In U.S., views of diversity in news vary by party ID, race – Knight Foundation

In U.S., views of diversity in news vary by party ID, race

Update: On Nov. 9, 2020, Gallup updated the report “American Views 2020: Trust, Media and Democracy,” to correct a methodological error. The changes do not alter the underlying integrity of the data nor the conclusions. However, specific numbers have changed for a range of results, and have been updated in this post. Learn more.

WASHINGTON, D.C. — A solid majority of Americans say it is important for the news media to reflect the diversity of the U.S. population, and even more think news organizations should hire with diversity in mind. Yet, they disagree as to what kind of diversity they would like to see, according to a survey of 20,000 U.S. adults conducted Nov. 8, 2019-Feb. 16, 2020. These findings, part of the Gallup/Knight Foundation research series on Trust, Media and Democracy, explore Americans’ views of diversity in newsrooms and news coverage and their desire for changes in both.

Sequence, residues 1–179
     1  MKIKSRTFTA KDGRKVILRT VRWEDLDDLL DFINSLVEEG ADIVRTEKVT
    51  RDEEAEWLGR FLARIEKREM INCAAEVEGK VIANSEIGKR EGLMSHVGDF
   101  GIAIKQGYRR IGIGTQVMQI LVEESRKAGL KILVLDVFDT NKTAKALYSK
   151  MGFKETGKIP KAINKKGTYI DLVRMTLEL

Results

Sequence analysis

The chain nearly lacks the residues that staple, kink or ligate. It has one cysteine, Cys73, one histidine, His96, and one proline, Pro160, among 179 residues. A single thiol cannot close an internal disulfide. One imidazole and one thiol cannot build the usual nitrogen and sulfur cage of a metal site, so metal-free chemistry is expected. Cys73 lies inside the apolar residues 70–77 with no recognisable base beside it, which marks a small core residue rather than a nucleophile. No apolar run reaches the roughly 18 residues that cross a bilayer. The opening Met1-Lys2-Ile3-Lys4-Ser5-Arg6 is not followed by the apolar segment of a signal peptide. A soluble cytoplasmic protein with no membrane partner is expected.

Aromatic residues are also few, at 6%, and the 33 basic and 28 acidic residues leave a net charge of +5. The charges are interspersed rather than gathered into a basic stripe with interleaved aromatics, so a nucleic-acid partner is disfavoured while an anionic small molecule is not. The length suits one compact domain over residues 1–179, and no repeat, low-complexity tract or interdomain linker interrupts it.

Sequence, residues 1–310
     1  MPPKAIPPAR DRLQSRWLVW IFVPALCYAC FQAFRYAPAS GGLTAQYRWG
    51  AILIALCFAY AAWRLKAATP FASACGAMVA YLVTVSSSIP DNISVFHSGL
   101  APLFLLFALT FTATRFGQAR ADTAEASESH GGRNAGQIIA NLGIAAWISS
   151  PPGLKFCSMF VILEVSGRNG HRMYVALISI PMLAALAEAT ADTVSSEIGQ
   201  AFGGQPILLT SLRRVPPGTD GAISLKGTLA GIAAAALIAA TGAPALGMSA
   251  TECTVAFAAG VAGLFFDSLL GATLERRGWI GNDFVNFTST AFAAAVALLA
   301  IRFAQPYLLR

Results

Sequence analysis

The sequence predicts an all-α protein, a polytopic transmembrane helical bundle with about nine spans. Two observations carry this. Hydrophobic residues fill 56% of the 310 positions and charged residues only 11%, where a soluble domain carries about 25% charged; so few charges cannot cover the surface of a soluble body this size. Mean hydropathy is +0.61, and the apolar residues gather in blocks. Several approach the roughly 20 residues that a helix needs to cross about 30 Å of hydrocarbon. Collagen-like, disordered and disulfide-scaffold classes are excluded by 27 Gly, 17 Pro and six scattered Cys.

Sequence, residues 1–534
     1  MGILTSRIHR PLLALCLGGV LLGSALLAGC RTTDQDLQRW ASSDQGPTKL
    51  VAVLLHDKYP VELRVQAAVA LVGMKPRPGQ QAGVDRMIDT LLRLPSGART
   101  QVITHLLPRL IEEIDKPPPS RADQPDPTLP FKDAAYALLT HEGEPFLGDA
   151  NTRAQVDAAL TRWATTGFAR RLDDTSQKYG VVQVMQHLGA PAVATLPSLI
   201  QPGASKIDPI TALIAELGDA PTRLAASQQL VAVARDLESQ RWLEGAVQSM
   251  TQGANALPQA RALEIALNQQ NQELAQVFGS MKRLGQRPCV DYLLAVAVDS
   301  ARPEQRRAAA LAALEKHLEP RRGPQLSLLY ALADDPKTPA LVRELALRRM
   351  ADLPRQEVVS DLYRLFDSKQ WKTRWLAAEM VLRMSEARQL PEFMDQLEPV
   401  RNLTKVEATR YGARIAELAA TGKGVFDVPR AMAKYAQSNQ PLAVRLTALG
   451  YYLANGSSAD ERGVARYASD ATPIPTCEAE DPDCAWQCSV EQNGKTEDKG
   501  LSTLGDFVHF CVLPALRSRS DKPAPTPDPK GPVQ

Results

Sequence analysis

Overall, 69% of Americans say that reflecting the diversity of the U.S. population is a “critical” (33%) or “very important” (36%) role for the media. Black (44%), Hispanic (40%) and Asian people (38%) are more likely than White people (29%) to say the media’s role in reflecting diversity is “critical.” And while 44% of Democrats say the same, just 31% of independents and 23% of Republicans agree.

The survey was conducted prior to the current period of greater awareness of racial disparities and injustices following the killing of George Floyd, widespread protests seeking racial equity and justice in the U.S. and the national soul-searching that has followed in communities and newsrooms around the country.

Among those who say news organizations should hire for greater diversity, their highest priorities are to increase diversity based on race/ethnicity (34%) or political views (30%), followed by income or social class (17%), age (10%) and gender (6%).

The priorities Americans place on the kind of diversity they would most like to see differ greatly by race and political leaning. Racial minorities wanting increased diversity in newsrooms are more likely to place the priority on racial/ethnic diversity compared to Whites. A majority of Blacks (56%) and more than four in 10 Hispanics (43%) and Asians (47%) most want to see increased racial diversity in news organizations, compared with just 26% of Whites.